Ask the Alchemist #126


I wanted to ask your advice on a spectrometer. I know that we should get our chocolate mass to a certain micron range. Would this be a good one to get or have you used a different one given the price? Also, do you recommend any other helpful tools to help with quality assurance?

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My advice is don’t get hung up on numbers. At least in this and a few other cases. I like ‘numbers’ when they actively help me either repeat a process or verify a process is where I want it. But numbers for the sake of numbers is just wasting time. This isn’t quite that later case, but it also isn’t helpful.

I’m going to pick on your premise. You do not actually know your mass needs to be in a certain micron range. You know that your chocolate needs to be smooth. And smooth is a tactile sense, not a number. If you want to know if your chocolate is smooth enough just taste it. I’m dead serious about this.

There are a few reasons. But the one I just made is the main reason. You want to know if it’s smooth so use your ‘smooth’ detector. Your tongue! It is the best tool for the job.

You mention a spectrometer. First off, your link isn’t for a spectrometer. It is for something called a Grindometer. I would specifically not use it. It doesn’t really give you that much data. To paraphrase a couple sources, Grindometers are built to give a very quick indication of the high end of the particle size distribution, allowing production processes to be followed in real time. Again, your own perception will do this.

Here is the problem. The Grindometer tells you top end. But our mouth doesn’t work that way. Our perception is complicated. We take an average, with a sensitivity to the larger particle sizes to determine whether something is ‘smooth’. Basically we interpret qualitatively (i.e. without numbers) the particle size distribution in what we are tasting. Even just a few particle that are larger than the average make us say ‘coarse’. Under some average threshold we say ‘fine’. But your Grindometer is only giving a number that basically says “most everything is under 110 microns’. Not real helpful. Why? Have a look the following. It’s a particle size distribution plot of four different chocolates.

particle-distribution.jpg

They spread the gamut of very fine to acceptably smooth. The Grindometer would tell you these all had particles in the 80-100 um range. Way coarser than the traditional bench mark of “less than 35 microns”. One reason it is not very useful. But I can hear you now. ‘I can use 80 as too fine, 85-90 as perfect and 100 as coarse’. Not really. You would be really hard pressed to see that on the Grindometer. It’s the difference in theory and practice. But for the sake of argument, let’s say you disperse your chocolate in some oil so it’s easier to see and you can see the difference. It is fully possible to have a chocolate where the largest particle is 80 um and the chocolate per your mouth is very coarse. How and why? Because of the averaging we do. Note the labels on those 4 plots above. 18 um, 25 um, 35 um, 50 um. Those are the weighted averages of the entire distribution. When you hear that chocolate should be 35 um, THIS is what they are talking about. Not less than 50 um, or less than 35 um. Not exactly 35 um. What that means is you can have a plot like the one below. There is nothing larger than 80 um, but the weighted average is 65 um so it’s going to seem coarse yet your Grindometer would have you believe it is super fine and ready to go.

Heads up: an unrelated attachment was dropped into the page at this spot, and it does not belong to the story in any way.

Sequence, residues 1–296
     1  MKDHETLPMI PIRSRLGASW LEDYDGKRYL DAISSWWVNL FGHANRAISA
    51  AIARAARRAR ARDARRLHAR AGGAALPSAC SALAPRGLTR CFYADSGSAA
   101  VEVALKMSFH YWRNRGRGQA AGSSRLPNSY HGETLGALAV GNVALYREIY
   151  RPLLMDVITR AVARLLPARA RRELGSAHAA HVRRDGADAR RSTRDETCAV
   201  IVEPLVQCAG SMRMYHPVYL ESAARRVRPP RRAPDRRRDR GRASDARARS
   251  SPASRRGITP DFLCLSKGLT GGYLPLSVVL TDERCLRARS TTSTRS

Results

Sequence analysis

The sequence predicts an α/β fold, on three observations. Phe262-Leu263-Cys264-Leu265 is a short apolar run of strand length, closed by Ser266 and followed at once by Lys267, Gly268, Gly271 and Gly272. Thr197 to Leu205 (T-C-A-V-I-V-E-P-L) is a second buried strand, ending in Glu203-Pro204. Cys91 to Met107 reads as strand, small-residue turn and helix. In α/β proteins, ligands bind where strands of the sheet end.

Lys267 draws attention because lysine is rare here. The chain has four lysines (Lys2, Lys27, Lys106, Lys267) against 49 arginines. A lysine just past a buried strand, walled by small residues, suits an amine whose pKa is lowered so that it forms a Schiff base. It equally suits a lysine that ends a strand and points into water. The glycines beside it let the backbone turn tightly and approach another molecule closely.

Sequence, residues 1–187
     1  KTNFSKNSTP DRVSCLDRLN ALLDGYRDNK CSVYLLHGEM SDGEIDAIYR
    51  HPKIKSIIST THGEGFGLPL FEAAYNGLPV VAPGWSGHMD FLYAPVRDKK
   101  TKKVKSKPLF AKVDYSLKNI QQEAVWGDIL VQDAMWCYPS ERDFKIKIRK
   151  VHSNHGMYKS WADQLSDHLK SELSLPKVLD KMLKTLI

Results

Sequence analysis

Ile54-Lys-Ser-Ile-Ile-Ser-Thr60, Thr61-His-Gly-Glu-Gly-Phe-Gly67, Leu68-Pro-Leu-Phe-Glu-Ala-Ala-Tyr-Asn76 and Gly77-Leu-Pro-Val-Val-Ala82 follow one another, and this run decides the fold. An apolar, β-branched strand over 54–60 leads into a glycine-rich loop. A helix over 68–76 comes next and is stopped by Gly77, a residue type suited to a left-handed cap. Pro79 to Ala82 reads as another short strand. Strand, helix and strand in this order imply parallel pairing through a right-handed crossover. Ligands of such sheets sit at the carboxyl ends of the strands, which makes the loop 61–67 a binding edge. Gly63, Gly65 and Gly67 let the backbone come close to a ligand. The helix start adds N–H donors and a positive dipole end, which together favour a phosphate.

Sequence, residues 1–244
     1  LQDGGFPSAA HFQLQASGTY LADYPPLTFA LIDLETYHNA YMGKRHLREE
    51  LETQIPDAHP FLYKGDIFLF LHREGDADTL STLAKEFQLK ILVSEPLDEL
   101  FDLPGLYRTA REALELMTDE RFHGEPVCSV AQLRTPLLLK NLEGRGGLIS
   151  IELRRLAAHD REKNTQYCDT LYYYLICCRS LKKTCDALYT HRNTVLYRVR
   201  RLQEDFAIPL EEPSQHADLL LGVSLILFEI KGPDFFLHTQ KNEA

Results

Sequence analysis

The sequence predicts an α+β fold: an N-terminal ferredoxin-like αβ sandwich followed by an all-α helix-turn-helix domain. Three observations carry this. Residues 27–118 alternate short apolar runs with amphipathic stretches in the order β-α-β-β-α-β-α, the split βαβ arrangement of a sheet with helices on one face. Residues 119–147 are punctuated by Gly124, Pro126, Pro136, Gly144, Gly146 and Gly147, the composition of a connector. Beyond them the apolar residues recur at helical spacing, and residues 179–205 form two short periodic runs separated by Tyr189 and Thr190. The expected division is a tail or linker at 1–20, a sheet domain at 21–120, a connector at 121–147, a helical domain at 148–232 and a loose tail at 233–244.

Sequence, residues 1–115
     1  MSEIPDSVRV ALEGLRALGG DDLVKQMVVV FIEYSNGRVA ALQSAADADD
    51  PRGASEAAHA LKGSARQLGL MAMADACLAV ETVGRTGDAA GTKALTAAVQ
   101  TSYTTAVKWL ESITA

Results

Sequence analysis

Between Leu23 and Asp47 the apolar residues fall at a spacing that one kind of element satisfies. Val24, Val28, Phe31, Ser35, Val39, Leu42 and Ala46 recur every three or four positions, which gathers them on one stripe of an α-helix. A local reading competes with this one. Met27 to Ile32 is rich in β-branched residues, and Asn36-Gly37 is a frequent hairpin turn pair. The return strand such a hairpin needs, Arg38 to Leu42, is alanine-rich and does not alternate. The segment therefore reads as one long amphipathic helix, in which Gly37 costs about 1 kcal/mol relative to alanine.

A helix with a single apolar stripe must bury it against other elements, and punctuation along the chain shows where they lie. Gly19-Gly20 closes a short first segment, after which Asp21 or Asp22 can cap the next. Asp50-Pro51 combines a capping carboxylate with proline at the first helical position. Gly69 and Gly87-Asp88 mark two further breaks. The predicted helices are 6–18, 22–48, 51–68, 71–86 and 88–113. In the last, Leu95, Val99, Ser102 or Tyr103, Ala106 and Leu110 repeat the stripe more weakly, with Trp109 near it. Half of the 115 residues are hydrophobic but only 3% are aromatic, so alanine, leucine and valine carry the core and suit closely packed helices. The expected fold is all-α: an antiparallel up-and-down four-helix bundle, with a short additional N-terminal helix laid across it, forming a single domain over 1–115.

particle-distribution-1.jpg

Basically it’s the wrong tool for the job. The same goes for people using micrometers. I have heard it a lot, that they use them to verify they are at 50 um or 35 um or whatever….except assuming it even works (which I am skeptical about as they aren’t comparing it against a known value), it still is only giving you the largest particles which are basically unrelated to mouth feel in the critical range.

Could you use a particle size analyzer such as was used to make those plots? Sure. Maybe. The main question I would put to you is WHY? What are you going to actually do with the data that is worth $10-20,000? Especially when at the end of the day it’s the mouth feel you are concerned about and the best test for that, as I’ve said, is just to taste it and determine the mouth feel for yourself.

To close this out, I don’t want to leave you with the impression I am against fancy tools and numbers. Heck, I was a chemist for many years and love that stuff. But that experience has also shown me that trying to correlate complex numbers and graphs to the human perceptions might be sexy as all get out in a research setting, it has a tendency to fall apart in the trenches of daily production. At the end of the day your senses are amazing. Use them!

Send in your Ask the Alchemist questions to questions@chocolatealchemy.com

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